I have a Magic the Gathering deck where an ideal starting hand can potentially let me win on turn 3. What is the probability of drawing an ideal hand? How is this computed, and what is a general algorithm that can be used to compute ideal hand probabilities for an arbitrary deck and ideal hand?

This is really a probability question, no knowledge of Magic required. All you need to know is the deck is 60 cards with some duplicates, and the starting hand size is 7 cards.

The deck:

The hand:

  • 1 Forest
  • 1 Llanowar Elves -OR- Elves of Deep Shadow
  • 1 Rites of Spring
  • 1 Infernius Spawnington III, Esq.
  • 3 (anything)

If you are a Magic player, this is how the ideal game goes:

  • Turn 1: Play a Forest and Llanowar Elves.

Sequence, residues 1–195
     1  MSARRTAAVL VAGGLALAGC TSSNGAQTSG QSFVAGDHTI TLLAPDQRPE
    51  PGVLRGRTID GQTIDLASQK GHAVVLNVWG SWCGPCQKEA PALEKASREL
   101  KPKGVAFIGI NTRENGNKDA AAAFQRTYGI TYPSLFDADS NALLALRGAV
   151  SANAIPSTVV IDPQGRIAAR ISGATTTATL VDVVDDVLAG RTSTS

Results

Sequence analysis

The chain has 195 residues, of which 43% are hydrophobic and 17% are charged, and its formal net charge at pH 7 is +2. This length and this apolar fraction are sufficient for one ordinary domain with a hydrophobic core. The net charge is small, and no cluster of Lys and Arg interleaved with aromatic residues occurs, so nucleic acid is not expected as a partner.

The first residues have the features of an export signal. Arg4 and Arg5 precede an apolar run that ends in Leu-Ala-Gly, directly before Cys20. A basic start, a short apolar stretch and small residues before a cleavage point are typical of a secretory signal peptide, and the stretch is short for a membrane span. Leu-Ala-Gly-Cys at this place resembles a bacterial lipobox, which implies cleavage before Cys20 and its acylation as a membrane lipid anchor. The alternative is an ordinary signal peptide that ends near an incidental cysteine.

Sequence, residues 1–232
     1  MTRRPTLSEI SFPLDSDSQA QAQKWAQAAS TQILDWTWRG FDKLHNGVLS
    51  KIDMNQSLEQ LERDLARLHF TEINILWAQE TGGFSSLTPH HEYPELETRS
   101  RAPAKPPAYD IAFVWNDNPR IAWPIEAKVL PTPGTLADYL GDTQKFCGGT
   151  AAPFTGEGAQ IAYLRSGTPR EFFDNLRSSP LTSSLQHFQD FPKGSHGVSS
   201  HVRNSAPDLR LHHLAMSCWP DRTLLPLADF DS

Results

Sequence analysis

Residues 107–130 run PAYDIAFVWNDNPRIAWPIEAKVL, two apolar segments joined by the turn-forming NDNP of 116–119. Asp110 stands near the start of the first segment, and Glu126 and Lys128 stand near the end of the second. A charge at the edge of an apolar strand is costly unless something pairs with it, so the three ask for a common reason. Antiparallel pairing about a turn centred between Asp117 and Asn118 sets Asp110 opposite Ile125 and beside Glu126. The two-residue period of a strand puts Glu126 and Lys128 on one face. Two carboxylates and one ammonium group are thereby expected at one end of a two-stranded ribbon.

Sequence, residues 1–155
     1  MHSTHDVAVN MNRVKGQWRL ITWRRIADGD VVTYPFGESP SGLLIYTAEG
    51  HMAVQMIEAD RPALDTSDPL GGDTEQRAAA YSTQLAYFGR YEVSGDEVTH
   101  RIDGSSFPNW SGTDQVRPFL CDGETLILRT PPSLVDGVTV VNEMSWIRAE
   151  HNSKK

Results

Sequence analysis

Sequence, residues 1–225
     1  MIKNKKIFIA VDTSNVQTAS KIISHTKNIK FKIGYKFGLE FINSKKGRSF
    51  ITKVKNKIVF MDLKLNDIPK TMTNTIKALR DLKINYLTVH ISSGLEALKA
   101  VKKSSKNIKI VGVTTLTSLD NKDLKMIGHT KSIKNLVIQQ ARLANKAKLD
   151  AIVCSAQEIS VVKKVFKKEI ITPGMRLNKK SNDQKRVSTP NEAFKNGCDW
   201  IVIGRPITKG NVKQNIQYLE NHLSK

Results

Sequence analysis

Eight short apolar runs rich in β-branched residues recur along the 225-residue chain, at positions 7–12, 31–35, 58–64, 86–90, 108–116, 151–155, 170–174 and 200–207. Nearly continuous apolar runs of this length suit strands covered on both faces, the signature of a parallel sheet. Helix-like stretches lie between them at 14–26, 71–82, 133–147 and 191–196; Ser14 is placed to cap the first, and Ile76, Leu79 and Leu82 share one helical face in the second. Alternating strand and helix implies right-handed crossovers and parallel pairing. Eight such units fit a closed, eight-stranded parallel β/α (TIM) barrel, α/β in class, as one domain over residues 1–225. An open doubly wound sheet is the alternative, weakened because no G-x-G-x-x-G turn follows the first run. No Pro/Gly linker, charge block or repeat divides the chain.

• Turn 2: Play Rites of Spring, discard 4 cards that are not Infernius Spawnington, search for four lands including a Swamp, play the Swamp, play Infernius, say "I'm here!" to do 3 damage, attack for 9 damage.
  • Turn 3: Attack again.

Bonus points Although my original question was just asking about the probability of drawing the ideal starting hand, as @Phillip Kendall pointed out, there are some additional details that could increase the probability of accomplishing the desired effect of a 3rd turn win.

Relevant details:

  • Because the first player does not draw on their first turn, if you go second, you effectively have a starting hand of 8 cards. (My first thought to account for this, is to run the same computation with a starting hand of 7 cards or 8 cards, and average the result.)